5.2 Rayleigh wave measurement
Figs. 8 and 9 shows the Rayleigh wave signals generated by a hand held impactor and the piezoelectric impact hammer (20 times averaging), respectively. Significant improvement on the signal to noise ratio has been achieved. The signals after the peaks of the Rayleigh waves have been removed before conducting the cross correlation of the two signals. Table 2 is the result for four different measurements of the Rayleigh wave velocities at the same location of the concrete specimen. The average Rayleigh wave velocity is 2178 m/s and the standard deviation of the four measurements is 0.08%.
Fig 8: Received displacement signals of the Rayleigh wave measurement using a hand-held impactor.
Fig 9: Averaged (20times) displacement signals of the Rayleigh wave measurement
|Standard deviation = 0.08%
|Table 2: Four different measurements of the Rayleigh wave velocities at the same location of the concrete specimen.|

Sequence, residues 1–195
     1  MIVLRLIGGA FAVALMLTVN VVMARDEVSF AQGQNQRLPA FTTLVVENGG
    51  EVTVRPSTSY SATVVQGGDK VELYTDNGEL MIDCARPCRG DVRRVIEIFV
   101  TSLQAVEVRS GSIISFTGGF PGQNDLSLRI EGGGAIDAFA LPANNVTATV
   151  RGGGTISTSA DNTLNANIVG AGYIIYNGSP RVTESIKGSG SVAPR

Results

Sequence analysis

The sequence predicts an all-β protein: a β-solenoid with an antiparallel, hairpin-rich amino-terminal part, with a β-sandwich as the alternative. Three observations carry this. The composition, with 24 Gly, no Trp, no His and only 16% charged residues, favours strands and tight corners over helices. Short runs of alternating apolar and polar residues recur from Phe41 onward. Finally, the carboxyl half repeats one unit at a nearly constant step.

In this paper, a piezoelectric impact hammer has been designed for applications in the nondestructive evaluation of concrete structures. Accurate impact time origin has been achieved by embedding a tiny piezoelectric sensor in the flying head. With the on-line sensor, the impact time origin resolution can be controlled in the range of sub-microsecond. Measurements of the longitudinal and Rayleigh wave velocities of a concrete specimen were conducted and the results demonstrated the accuracy of the newly fabricated impact device.
The authors thank the financial support of this research from the National Science Council of ROC through the grant NSC87-2732-E-002-002.